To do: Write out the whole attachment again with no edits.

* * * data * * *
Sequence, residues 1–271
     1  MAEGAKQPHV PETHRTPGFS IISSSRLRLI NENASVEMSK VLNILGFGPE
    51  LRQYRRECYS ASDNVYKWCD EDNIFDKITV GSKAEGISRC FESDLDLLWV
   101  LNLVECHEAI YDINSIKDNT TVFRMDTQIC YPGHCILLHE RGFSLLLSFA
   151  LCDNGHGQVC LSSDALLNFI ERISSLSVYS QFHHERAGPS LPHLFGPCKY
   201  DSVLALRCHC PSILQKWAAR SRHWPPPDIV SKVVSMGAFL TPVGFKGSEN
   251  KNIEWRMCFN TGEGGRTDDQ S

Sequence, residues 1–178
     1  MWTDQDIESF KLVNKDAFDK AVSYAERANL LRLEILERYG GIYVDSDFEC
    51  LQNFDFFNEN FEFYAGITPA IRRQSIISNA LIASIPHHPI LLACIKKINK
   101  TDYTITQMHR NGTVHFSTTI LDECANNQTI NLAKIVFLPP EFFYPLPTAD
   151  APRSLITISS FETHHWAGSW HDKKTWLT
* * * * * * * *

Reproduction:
Sequence, residues 1–271
     1  MAEGAKQPHV PETHRTPGFS IISSSRLRLI NENASVEMSK VLNILGFGPE
    51  LRQYRRECYS ASDNVYKWCD EDNIFDKITV GSKAEGISRC FESDLDLLWV
   101  LNLVECHEAI YDINSIKDNT TVFRMDTQIC YPGHCILLHE RGFSLLLSFA
   151  LCDNGHGQVC LSSDALLNFI ERISSLSVYS QFHHERAGPS LPHLFGPCKY
   201  DSVLALRCHC PSILQKWAAR SRHWPPPDIV SKVVSMGAFL TPVGFKGSEN
   251  KNIEWRMCFN TGEGGRTDDQ S

Sequence, residues 1–178
     1  MWTDQDIESF KLVNKDAFDK AVSYAERANL LRLEILERYG GIYVDSDFEC
    51  LQNFDFFNEN FEFYAGITPA IRRQSIISNA LIASIPHHPI LLACIKKINK
   101  TDYTITQMHR NGTVHFSTTI LDECANNQTI NLAKIVFLPP EFFYPLPTAD
   151  APRSLITISS FETHHWAGSW HDKKTWLT